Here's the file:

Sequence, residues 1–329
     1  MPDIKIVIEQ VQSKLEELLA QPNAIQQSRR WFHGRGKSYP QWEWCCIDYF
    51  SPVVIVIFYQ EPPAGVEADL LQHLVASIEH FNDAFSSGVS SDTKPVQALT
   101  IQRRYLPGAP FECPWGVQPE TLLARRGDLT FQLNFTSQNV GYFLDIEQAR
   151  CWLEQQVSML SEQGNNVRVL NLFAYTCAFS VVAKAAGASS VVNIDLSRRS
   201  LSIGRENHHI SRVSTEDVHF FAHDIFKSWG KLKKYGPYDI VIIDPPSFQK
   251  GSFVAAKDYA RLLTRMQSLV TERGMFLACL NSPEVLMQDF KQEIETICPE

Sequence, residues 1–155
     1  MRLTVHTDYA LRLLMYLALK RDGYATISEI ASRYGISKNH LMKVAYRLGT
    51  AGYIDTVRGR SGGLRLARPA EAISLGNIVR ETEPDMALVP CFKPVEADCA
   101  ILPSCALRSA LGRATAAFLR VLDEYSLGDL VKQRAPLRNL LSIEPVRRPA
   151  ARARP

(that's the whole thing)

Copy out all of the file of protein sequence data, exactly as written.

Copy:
Sequence, residues 1–329
     1  MPDIKIVIEQ VQSKLEELLA QPNAIQQSRR WFHGRGKSYP QWEWCCIDYF
    51  SPVVIVIFYQ EPPAGVEADL LQHLVASIEH FNDAFSSGVS SDTKPVQALT
   101  IQRRYLPGAP FECPWGVQPE TLLARRGDLT FQLNFTSQNV GYFLDIEQAR
   151  CWLEQQVSML SEQGNNVRVL NLFAYTCAFS VVAKAAGASS VVNIDLSRRS
   201  LSIGRENHHI SRVSTEDVHF FAHDIFKSWG KLKKYGPYDI VIIDPPSFQK
   251  GSFVAAKDYA RLLTRMQSLV TERGMFLACL NSPEVLMQDF KQEIETICPE

Sequence, residues 1–155
     1  MRLTVHTDYA LRLLMYLALK RDGYATISEI ASRYGISKNH LMKVAYRLGT
    51  AGYIDTVRGR SGGLRLARPA EAISLGNIVR ETEPDMALVP CFKPVEADCA
   101  ILPSCALRSA LGRATAAFLR VLDEYSLGDL VKQRAPLRNL LSIEPVRRPA
   151  ARARP